What should you beat yourself over?

And then I’d beat myself up about not making more.

Once upon a time, I used to trade stocks. There would be days when I would buy something at a hundred rupees in the morning and then sell it at a hundred and ten in the afternoon before trading closed for the day, pocketing a ten percent profit.

And then I’d beat myself up about not making more.

Why?

Because the stock would open the day at a hundred rupees. An hour later, it would be at a hundred and fifteen. Two hours later, it would be at ninety five. And finally, before trading closed for the day, it would be at a hundred and ten.

The maximum potential on this day was to buy it at hundred when trading opened, then sell it at a hundred and fifteen an hour later. Then buy it again at ninety five and then sell it again at a hundred and ten. By doing this, I would have made closer to fifty percent as opposed to the ten percent that I actually made.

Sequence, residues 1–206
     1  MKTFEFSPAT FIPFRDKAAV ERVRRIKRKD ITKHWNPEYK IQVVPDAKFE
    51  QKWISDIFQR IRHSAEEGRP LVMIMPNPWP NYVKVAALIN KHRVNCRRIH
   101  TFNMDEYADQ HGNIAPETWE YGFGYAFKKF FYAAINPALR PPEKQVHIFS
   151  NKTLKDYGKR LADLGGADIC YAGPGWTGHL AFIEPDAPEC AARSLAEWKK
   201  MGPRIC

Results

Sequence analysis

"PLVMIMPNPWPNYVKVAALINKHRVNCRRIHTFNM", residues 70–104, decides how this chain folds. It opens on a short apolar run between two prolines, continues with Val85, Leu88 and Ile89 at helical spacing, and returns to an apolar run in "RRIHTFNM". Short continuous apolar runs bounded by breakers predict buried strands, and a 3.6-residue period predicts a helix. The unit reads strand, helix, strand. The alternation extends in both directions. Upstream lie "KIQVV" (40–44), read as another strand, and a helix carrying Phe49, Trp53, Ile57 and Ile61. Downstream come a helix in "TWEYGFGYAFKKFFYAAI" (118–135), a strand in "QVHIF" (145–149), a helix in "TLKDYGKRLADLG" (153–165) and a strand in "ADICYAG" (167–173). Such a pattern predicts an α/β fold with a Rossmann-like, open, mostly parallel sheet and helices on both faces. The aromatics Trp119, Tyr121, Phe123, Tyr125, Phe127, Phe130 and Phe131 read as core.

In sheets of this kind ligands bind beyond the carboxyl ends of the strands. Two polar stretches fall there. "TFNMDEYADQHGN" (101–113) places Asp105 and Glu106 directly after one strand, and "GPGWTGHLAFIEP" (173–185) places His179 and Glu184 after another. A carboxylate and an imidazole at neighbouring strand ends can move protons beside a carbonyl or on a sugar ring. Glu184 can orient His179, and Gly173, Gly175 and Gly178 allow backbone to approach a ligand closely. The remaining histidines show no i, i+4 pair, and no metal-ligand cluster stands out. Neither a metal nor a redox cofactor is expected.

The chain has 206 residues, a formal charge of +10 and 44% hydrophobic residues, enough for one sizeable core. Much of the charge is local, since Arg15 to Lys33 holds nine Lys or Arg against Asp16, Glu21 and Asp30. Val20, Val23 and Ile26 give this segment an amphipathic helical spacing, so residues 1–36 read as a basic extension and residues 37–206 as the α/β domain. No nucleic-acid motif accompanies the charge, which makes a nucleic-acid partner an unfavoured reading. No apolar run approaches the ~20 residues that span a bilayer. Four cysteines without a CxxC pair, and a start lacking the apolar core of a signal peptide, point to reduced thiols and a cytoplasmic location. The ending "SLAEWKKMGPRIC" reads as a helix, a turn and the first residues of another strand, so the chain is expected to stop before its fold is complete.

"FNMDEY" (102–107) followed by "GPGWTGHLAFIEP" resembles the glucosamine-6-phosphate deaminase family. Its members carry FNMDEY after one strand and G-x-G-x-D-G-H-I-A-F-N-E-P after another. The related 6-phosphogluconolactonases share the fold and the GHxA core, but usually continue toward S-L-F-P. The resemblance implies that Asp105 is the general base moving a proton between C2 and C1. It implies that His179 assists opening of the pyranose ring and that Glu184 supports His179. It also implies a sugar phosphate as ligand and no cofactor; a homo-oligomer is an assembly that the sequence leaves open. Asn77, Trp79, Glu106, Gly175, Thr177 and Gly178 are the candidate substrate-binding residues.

And hence, I’d beat myself up about it. As there were some that made all these calls, and some more that made a portion of these calls, like only buying when it was at ninety five and selling at a hundred and ten.

And this was one day. And every weekday is a trading day. That is so many calls to potentially get right.

We do this in life too. We beat ourselves up over not having gotten every call right or over not having gotten as many calls right as some of our peers. What we tend to forget in the process is that we are still coming out ten percent ahead of where we started off.

If we get every call right, we stand to make that fifty percent day after day after day.

But it’s alright when we don’t. It’s also alright to get fewer calls right than others that are trading stocks. All that matters is to end the day with a profit.

To improve just one percent in whatever we are doing each day.

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